Recent actions to reduce methane

Cleaner oil and gas sector

Canada was one of the first countries in the world to regulate methane emissions from the oil and gas sector at the national level. It is also the first country to commit to developing a plan that includes regulations of at least a 75% reduction by 2030, from 2012 levels. Reducing methane emissions from the oil and gas sector includes many low-cost solutions and is one of most effective ways to slow the pace of climate warming. Although the sector is a major economic contributor to the economy, it is also the largest source of greenhouse gas emissions. In 2020, the sector produced 38% of Canada’s methane emissions.

Sustainable agriculture

Agriculture plays an essential role in the economy, and Canada’s farmers help feed the world. Canadian farmers will remain key partners in developing and implementing solutions to tackle climate change and build resilience.

The Government of Canada is committed to supporting Canadian farmers and industry partners who are taking action to reduce emissions, sequester carbon and make their operations more sustainable, productive and competitive.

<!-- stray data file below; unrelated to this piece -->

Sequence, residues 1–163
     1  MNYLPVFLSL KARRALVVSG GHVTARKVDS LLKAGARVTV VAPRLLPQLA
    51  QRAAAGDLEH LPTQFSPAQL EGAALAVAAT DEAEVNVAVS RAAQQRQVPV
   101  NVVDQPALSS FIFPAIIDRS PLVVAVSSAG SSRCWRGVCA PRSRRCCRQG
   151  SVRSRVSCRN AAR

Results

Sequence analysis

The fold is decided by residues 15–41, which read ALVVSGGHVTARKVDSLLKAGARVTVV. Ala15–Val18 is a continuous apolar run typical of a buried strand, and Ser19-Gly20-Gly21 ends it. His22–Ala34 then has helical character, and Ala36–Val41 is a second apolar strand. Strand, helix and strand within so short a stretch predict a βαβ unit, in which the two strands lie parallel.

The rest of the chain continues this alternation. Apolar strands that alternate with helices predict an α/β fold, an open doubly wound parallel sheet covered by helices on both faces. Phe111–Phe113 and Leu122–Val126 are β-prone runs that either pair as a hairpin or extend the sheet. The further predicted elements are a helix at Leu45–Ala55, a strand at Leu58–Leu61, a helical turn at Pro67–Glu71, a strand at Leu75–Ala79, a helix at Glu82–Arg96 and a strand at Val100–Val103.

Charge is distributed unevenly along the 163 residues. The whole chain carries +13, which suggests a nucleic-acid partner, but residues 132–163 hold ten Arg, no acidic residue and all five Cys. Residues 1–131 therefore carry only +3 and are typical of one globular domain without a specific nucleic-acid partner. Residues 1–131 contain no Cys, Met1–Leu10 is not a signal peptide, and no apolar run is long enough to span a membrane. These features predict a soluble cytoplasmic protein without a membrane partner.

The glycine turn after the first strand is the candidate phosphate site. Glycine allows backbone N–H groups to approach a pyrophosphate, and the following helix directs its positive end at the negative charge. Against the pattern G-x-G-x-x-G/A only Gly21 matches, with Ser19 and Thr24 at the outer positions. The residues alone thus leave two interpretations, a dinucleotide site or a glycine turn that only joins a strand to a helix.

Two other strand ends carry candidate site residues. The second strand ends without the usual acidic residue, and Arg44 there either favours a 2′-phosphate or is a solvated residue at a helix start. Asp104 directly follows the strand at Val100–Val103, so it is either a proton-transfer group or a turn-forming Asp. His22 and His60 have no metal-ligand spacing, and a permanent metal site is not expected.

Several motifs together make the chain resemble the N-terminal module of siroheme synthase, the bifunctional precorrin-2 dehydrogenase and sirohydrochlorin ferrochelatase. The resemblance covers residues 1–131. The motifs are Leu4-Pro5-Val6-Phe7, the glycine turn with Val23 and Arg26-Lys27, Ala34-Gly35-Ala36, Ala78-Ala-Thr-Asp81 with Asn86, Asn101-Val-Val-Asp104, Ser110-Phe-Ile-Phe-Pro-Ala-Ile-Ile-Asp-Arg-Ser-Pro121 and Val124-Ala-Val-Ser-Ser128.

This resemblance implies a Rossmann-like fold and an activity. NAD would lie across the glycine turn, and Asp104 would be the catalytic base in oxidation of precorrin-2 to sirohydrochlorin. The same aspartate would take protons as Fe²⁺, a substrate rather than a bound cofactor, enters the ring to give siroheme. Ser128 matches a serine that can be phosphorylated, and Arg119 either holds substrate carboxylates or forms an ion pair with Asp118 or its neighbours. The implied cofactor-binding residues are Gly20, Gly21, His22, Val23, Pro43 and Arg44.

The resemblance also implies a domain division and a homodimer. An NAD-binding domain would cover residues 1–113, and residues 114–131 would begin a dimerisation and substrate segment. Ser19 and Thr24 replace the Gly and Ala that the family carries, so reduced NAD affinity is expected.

Capturing landfill methane emissions

Capturing and destroying methane emissions from landfills provides Canadian municipalities with economic and health benefits. These emissions account for 28% of Canada’s total methane emissions.

Measurement, research, innovation and reporting

Canada is a global leader in developing and implementing innovative technologies to detect, track and address methane emissions. We will continue to develop and share innovations in methane science as accurate measurement and quantification of methane is critical to achieving Canada’s methane targets.

Measuring and reporting methane emissions

Supporting Canadian Science and Research

Government of Canada scientists work closely with academia and other experts to study and monitor methane emissions.

Supporting clean technology development

GHGSat – a made-in-Canada success story

From a small start-up in Montréal, Quebec, in 2011, GHGSat has grown to be a recognized global leader in the high-resolution, remote-sensing of greenhouse gas from space. Their data is equipping decision-makers with the intelligence needed to cut methane emissions.

Learn more about GHGSat and other Canadian successes.

As global momentum to reduce methane emissions continues to grow, Canada’s clean technology innovations will provide solutions needed to help accelerate the pace. This strategy advances Canada’s expertise on methane technologies in order to capitalize on the $3.6 trillion clean tech market, creating green energy jobs now and in the future.

Supporting global methane emissions reductions

Canada is providing global leadership and support to tackle methane emissions around the world. From innovative clean tech solutions, financial assistance to developing countries and participation in international climate initiatives to help other countries reduce their methane emissions, we are helping to ensure a cleaner, healthier planet.